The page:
The Australian economy added 71,000 jobs over the month of March, according to the ABS. Here’s what that means for the economy
The post Australian jobs numbers for March show signs of recovery appeared first on The Motley Fool Australia. –
The Australian economy is exceedingly healthy today if the latest jobs figures from the Australian Bureau of Statistics (ABS) are to be believed. The ABS’s labour figures for the month of March were particularly anticipated. That’s because they cover the final month of the JobKeeper payment (which ended on 28 March).
So without further ado, let’s dive into what the ABS has told us today.
According to the Bureau, the unemployment rate decreased over the month of March to 5.6%. That’s down 0.2% from the 5.8% figure we saw for February. The number of unemployed people in Australia declined from 805,200 in February to 778,100 in March, a decrease of 27,100. That means there are now 13,077,600 employed people in the country as of March, up from 13,006,900 in February.
Pleasingly, both the underemployment (employed people who would like to work more) and the participation rate (percentage of the working-age population who are working) fell and rose respectively. The underemployment rate fell from 8.5% to 7.9% in March. Whilst the participation rate rose from 66.1% in February to 66.3%. Youth unemployment also fell from 5.8% to 5.6%.
What can we take from these March jobs numbers?
Well, it’s clear that these jobs numbers that the Australian economy is in full recovery mode. In fact, Bjorn Jarvis, head of labour statistics at the ABS, stated that the numbers show that the hours worked over the month are back to pre-COVID levels:
Employment and hours worked in March 2021 were both higher than March 2020, up by 0.6 per cent and 1.2 per cent… In March 2021, 62.6 per cent of people over 15 were employed, which was higher than March 2020 (62.4 per cent). The proportion of women employed was the highest it’s ever been (58.5 per cent), half a percentage point higher than in March 2020… The proportion of men employed remained slightly lower than before the pandemic (66.8 per cent, compared with 67.0 per cent in March 2020).
Of course, all eyes will be on the current months’ numbers when they are released next month. The end of the JobKeeper payment will be the largest test the Australian economy will face yet. However, one business leader thinks there is plenty of blue skies ahead. Commonwealth Bank of Australia (ASX: CBA) Matt Comyn testified to the House of Representatives Standing Committee on Economics this morning. His opening remarks included the following:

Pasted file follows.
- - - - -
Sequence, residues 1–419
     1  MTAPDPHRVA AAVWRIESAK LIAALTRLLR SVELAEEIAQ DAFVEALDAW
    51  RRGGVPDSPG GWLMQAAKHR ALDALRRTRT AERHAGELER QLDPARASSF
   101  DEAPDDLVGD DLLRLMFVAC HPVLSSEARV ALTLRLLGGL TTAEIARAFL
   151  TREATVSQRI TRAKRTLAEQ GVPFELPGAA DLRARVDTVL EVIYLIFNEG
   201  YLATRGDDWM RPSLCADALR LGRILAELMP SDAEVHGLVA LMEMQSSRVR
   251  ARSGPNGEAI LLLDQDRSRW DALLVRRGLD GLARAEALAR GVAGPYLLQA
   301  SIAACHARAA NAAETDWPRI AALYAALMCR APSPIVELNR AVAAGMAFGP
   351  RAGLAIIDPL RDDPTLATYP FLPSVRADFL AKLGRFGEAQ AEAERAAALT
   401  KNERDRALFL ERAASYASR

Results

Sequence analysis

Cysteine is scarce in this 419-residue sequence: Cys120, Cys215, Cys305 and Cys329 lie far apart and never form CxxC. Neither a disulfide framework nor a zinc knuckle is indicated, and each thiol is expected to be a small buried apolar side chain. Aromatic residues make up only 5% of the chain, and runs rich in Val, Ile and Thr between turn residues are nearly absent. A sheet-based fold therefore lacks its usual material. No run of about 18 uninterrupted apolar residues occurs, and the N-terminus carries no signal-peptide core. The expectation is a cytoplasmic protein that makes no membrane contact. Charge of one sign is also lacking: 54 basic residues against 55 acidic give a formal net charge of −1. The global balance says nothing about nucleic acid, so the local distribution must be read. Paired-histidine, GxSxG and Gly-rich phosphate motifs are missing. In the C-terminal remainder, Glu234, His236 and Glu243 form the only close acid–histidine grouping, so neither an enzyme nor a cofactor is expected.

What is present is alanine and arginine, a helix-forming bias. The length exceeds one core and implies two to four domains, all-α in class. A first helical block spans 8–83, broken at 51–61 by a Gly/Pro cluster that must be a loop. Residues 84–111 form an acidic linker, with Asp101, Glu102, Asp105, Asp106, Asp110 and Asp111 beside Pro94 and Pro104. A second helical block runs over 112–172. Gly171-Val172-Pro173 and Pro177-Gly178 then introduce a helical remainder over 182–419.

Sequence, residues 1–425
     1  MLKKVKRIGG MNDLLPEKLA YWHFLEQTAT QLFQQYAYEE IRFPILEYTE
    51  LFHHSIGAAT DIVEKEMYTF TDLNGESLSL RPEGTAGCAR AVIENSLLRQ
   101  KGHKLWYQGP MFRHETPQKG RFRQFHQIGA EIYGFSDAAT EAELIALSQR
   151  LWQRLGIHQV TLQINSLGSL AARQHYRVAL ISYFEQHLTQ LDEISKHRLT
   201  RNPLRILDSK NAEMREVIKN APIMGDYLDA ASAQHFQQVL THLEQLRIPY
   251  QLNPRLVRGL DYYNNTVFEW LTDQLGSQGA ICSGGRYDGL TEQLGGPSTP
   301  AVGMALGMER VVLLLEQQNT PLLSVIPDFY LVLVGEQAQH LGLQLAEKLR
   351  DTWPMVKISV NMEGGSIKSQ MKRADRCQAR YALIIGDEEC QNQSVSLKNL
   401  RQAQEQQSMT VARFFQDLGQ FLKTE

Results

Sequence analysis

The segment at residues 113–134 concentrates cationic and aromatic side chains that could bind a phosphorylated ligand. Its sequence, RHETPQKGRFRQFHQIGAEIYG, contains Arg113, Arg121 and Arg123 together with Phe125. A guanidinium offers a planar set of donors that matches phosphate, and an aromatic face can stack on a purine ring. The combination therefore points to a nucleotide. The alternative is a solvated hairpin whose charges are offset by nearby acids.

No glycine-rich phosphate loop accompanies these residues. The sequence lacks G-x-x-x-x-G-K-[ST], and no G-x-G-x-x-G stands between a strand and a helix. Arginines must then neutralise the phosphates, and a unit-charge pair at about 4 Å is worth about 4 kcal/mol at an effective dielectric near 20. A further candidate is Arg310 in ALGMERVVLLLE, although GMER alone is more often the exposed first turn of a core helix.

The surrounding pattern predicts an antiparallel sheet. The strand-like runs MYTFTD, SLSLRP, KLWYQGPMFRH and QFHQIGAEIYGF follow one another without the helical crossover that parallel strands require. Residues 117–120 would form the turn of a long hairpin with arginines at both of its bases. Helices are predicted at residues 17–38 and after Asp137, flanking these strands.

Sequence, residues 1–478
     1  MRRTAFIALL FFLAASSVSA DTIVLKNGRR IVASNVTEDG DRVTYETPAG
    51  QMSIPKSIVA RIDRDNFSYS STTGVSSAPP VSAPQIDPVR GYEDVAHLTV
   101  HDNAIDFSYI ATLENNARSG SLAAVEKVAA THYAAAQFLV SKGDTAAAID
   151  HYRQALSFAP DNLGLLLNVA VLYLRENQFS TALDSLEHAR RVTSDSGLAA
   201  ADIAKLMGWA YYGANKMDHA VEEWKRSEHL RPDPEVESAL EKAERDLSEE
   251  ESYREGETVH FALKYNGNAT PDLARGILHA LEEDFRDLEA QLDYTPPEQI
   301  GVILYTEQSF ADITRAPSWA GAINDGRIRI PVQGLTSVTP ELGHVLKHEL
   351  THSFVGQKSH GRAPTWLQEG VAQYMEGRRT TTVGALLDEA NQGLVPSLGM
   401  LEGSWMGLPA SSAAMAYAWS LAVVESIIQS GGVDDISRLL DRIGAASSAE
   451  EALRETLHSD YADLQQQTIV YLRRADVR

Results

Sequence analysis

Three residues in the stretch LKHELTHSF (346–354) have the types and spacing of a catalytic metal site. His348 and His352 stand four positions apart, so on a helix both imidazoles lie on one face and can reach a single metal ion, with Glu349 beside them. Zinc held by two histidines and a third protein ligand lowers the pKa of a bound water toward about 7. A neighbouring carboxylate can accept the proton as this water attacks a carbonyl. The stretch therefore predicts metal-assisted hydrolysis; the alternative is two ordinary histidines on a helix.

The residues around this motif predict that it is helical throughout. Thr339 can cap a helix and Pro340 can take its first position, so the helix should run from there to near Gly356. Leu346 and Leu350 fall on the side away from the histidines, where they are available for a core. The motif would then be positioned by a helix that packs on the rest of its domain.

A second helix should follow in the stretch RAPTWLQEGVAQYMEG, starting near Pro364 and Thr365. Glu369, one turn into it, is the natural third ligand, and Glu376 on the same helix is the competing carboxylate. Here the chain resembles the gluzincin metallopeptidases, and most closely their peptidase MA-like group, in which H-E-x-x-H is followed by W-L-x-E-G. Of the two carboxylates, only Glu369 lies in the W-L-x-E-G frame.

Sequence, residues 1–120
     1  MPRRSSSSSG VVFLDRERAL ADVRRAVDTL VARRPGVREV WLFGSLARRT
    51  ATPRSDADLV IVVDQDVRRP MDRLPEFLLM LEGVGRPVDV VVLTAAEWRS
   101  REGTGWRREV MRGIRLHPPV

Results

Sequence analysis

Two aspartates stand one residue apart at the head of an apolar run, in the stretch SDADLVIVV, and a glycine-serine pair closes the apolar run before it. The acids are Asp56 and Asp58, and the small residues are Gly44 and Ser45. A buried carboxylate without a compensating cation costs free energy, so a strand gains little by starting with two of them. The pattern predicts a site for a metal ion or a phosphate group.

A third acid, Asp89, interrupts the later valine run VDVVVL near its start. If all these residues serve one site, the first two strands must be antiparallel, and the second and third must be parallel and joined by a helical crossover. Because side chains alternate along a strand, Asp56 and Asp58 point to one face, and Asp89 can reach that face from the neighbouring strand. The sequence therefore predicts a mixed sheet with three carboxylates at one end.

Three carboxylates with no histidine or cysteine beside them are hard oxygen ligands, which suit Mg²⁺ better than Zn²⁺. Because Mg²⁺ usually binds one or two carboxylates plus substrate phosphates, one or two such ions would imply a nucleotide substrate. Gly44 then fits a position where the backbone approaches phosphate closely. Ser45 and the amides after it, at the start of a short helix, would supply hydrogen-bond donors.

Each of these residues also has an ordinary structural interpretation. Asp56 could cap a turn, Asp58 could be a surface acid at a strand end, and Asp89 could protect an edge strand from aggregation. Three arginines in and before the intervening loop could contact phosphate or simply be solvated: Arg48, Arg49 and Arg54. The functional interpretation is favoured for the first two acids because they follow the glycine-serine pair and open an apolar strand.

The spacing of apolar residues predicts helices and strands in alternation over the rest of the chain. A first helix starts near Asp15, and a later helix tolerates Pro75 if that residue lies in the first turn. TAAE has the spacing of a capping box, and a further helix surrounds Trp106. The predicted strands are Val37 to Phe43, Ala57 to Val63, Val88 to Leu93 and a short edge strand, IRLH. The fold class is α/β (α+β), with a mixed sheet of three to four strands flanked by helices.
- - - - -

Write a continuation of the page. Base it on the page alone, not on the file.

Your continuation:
Based on the positive momentum we are seeing, our Economics team have also upgraded our forecasts for GDP and employment, and expect to see unemployment at 5.0 percent by the end of calendar 2021, and 4.7 per cent by the end of 2022.
Today, March 2020 seems a little bit further away.
Where to invest $1,000 right now
When investing expert Scott Phillips has a stock tip, it can pay to listen. After all, the flagship Motley Fool Share Advisor newsletter he has run for more than eight years has provided thousands of paying members with stock picks that have doubled, tripled or even more.*
Scott just revealed what he believes are the five best ASX stocks for investors to buy right now. These stocks are trading at dirt-cheap prices and Scott thinks they are great buys right now.
*Returns as of February 15th 2021
- Tesla and Palantir were some of the most popular US shares last week
- What’s lifting the Afterpay (ASX:APT) share price today?
- Why Westpac (ASX:WBC) could be about to deliver a dividend surge
- Why the NAB (ASX:NAB) share price could push higher from here
- Why the Commonwealth Bank (ASX:CBA) share price could soar 15%
Motley Fool contributor Sebastian Bowen has no position in any of the stocks mentioned. The Motley Fool Australia has no position in any of the stocks mentioned. The Motley Fool has a disclosure policy. This article contains general investment advice only (under AFSL 400691). Authorised by Bruce Jackson.
The post Australian jobs numbers for March show signs of recovery appeared first on The Motley Fool Australia.